melbourne writers festival 2015: women writing film
This year’s Melbourne Writers Festival kicked off on 21 August with a whole day dedicated especially to discussing women in the media and female writers. One of the events was Women Writing Film, in which Filmme Fatales editor Brodie Lancaster and film critic Rebecca Harkins-Cross discussed the role of women in film, both in front of and behind the camera.
In order to address what the problem is with Hollywood and female filmmakers, you don’t need to look any further than the hard facts. The statistics are beyond dismal, the major one being that, on average, only 4% of Hollywood films are directed by women. The Academy Awards that reflect the “greatest films of the year” don’t do much to ease the pain. In the awards’ 87-year history, only one woman (Kathryn Bigelow) has ever won Best Director, and only fifteen women have won for screenwriting (seven for Best Original Screenplay and eight for Best Adapted Screenplay), many of those shared with a male co-writer.
Unfortunately women in front of the camera don’t fare much better. In 2014’s top 100 films at the box office, only 20% of the protagonists were female. Furthermore, women are given only 30% of speaking roles.
But you probably already know the facts; the real question is what can be done about it? Here at Lip, our film section is devoted to discussing films not only from a feminist perspective but discussing the broader aspects of diversity in cinema. But a lot of the mainstream media tends not to address such things. Perhaps the reason for this is because of who is writing about film.
Take a look at any major film magazine or the film section of any newspaper in the country and you’ll see that female film critics make up barely 10% of all major critics. This means that women are not only not being given the opportunity to make films, they aren’t being given the opportunity to write about them either.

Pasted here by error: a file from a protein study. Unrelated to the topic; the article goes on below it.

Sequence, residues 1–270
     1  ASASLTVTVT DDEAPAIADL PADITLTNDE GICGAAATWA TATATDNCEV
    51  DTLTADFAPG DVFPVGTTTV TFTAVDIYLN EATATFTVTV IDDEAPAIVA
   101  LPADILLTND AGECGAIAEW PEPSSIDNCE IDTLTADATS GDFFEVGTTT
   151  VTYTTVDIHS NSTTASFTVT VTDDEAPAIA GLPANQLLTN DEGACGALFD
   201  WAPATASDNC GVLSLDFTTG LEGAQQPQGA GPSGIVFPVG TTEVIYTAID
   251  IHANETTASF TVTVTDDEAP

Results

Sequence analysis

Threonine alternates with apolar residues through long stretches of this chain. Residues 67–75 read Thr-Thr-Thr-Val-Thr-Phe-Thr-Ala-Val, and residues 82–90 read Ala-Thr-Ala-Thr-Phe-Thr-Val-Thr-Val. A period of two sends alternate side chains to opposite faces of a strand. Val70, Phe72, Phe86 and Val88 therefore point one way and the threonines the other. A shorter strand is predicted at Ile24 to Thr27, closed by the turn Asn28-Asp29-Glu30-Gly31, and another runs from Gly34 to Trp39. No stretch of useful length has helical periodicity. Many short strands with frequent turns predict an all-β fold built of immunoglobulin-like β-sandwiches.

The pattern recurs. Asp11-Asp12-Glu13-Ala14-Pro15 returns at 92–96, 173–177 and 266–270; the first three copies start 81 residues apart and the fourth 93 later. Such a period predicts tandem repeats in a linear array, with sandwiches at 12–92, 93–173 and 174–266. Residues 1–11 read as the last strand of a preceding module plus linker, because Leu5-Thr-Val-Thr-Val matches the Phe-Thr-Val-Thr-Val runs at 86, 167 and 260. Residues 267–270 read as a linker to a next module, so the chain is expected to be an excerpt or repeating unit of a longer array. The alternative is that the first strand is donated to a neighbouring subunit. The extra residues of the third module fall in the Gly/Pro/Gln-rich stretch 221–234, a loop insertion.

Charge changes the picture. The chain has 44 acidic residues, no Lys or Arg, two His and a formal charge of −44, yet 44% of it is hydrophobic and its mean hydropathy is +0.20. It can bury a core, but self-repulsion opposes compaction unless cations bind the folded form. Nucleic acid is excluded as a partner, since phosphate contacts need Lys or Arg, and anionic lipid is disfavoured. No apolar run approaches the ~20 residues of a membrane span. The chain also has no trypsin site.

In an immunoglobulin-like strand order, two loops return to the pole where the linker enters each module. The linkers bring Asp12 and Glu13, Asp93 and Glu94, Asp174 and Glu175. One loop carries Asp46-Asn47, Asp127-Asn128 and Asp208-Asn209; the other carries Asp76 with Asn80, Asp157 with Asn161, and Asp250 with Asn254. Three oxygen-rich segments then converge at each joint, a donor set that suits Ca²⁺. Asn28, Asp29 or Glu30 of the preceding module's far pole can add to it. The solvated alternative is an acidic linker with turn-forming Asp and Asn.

This is where Women Writing Film comes in. Both Lancaster and Harkins-Cross have devoted their careers to discussing female representation in films. Lancaster has just released the sixth issue of her zine, Filmme Fatales, and Harkins-Cross is the first female film editor of The Big Issue.
Lancaster said the reason she started Filmme Fatale was so ‘there’s an outlet to have conversations about women and film… in regards to the roles of women in the movie industry as actors, writers, producers and directors, and women writing about films.’
Often the way women are seen on screen reflects how women are seen in real life. For instance, women in positions of authority are often called bossy or bitches and are compared to characters like Meryl Streep’s Miranda Priestly from The Devil Wears Prada. But the importance of discussing how women are portrayed on screen isn’t just limited to the media landscape; female representation reflects the way women are seen in broader society too.